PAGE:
old religious uncle of mine taught me to speak, who
was in his youth an inland man; one that knew
courtship too well, for there he fell in love. I have 
heard him read many lectures against it, and I thank
God I am not a woman, to be touched with so many
giddy offences as he hath generally taxed their whole
ORLANDO: Can you remember any of the principal 
evils that he laid to the charge of women?
ROSALIND: There were none principal; they were all
like one another as half-pence are, every one fault
seeming monstrous till his fellow fault came to
match it. 
ORLANDO: I prithee, recount some of them.
ROSALIND: No, I will not cast away my physic but on
those that are sick. There is a man haunts the forest,
that abuses our young plants with carving Rosalind'
on their barks; hangs odes upon hawthorns and 
elegies on brambles, all, forsooth, deifying the name
of Rosalind: if I could meet that fancy-monger I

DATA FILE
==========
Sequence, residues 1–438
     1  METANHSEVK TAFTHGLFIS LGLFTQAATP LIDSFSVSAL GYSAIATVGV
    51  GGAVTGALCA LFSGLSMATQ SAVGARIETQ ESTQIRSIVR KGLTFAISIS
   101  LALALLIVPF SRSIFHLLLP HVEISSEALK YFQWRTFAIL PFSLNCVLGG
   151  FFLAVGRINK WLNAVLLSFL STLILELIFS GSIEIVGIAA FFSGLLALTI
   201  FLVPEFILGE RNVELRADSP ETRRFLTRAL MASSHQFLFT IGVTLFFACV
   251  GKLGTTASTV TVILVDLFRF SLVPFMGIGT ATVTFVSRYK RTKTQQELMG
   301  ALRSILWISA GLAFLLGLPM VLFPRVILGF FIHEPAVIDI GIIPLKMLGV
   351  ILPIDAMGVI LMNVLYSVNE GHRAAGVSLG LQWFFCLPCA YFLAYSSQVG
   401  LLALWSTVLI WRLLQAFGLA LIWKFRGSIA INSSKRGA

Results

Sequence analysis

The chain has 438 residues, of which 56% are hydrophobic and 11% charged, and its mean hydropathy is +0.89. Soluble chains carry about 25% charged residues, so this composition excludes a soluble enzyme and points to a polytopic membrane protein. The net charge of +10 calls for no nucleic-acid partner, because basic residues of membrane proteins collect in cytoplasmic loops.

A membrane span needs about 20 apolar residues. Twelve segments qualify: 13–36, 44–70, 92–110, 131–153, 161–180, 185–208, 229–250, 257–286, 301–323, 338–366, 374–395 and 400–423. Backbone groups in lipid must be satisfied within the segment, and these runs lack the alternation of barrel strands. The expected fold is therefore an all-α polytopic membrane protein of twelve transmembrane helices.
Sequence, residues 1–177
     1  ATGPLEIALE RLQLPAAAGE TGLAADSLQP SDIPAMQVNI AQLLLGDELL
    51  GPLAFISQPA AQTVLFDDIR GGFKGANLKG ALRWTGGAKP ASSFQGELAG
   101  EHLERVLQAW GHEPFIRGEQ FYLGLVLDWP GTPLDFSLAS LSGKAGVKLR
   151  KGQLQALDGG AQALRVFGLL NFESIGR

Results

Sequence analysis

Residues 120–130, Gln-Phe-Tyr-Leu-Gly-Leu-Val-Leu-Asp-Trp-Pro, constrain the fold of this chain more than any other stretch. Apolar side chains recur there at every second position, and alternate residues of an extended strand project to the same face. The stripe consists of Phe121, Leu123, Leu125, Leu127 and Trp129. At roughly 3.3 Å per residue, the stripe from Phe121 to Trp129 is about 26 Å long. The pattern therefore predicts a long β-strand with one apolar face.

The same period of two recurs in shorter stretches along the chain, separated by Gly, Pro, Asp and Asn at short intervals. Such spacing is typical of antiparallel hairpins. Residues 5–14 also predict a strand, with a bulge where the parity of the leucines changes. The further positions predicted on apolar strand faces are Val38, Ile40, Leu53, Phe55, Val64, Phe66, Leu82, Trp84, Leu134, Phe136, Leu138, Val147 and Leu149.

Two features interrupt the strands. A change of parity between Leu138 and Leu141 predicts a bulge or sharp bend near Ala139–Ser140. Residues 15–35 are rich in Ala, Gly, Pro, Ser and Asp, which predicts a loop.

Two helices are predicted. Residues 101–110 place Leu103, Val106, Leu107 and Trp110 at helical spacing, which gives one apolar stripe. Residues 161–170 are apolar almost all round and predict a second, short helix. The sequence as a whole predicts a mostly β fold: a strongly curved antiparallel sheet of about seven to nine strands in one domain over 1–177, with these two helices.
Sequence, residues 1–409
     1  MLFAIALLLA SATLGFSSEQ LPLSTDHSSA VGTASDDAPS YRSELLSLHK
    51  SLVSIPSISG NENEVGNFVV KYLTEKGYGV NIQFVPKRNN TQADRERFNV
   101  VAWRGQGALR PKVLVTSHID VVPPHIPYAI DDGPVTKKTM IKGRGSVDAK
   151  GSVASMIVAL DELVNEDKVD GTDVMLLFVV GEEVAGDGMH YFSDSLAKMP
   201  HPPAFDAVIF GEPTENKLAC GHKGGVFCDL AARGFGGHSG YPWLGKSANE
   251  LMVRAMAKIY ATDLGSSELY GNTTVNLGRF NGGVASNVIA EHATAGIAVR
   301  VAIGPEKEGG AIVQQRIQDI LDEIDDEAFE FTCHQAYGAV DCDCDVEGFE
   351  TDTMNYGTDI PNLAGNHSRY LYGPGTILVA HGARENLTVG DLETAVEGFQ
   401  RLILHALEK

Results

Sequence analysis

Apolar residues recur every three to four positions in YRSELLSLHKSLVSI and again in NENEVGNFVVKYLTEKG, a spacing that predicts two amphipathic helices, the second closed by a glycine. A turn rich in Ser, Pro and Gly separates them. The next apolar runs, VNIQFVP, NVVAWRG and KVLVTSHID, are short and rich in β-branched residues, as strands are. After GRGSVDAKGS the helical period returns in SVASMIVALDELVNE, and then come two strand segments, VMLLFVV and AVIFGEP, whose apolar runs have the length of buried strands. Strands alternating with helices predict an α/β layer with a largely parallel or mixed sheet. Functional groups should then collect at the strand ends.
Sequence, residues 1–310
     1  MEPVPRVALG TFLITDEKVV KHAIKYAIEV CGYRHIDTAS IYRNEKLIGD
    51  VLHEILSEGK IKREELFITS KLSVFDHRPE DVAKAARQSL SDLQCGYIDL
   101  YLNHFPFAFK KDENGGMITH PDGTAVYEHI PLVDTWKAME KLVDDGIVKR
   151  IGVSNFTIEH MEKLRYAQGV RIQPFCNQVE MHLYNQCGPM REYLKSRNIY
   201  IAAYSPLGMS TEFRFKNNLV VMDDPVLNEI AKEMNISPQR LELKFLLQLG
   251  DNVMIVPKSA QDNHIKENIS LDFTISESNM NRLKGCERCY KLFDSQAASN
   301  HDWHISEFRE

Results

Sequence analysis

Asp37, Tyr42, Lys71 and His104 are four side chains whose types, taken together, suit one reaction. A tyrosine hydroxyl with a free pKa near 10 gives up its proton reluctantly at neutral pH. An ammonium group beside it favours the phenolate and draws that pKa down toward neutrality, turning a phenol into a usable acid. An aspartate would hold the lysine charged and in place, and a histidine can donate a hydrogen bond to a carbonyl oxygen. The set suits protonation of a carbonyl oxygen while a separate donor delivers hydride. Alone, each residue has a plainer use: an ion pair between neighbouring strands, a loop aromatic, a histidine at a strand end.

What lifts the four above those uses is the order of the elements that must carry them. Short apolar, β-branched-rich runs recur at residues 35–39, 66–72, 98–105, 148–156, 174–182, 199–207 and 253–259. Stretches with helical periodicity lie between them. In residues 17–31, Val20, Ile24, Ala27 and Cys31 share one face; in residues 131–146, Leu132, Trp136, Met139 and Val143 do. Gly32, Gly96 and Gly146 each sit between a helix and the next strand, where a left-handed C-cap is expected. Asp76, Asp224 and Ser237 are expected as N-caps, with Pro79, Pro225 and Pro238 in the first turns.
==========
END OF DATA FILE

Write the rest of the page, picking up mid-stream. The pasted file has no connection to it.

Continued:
would give him some good counsel, for he seems to
have the quotidian of love upon him.
ORLANDO: I am he that is so love-shaked: I pray you 
tell me your remedy.
ROSALIND: There is none of my uncle's marks upon
you: he taught me how to know a man in love; in
which cage of rushes I am sure you are not prisoner.
ORLANDO: What were his marks? 
ROSALIND: A lean cheek, which you have not, a blue
eye and sunken, which you have not, an unquestion-
able spirit, which you have not, a beard neglected,
which you have not; but I pardon you for that, for
simply your having in beard is a younger brother's 
revenue: then your hose should be ungartered, your
bonnet unbanded, your sleeve unbuttoned, your shoe
untied and every thing about you demonstrating a
careless desolation; but you are no such man; you are
rather point-device in your accoutrements as loving 
yourself than seeming the lover of any other.
ORLANDO: Fair youth, I would I could make thee
believe I love.
ROSALIND: Me believe it! you may as soon make her
that you love believe it; which, I warrant, she is apter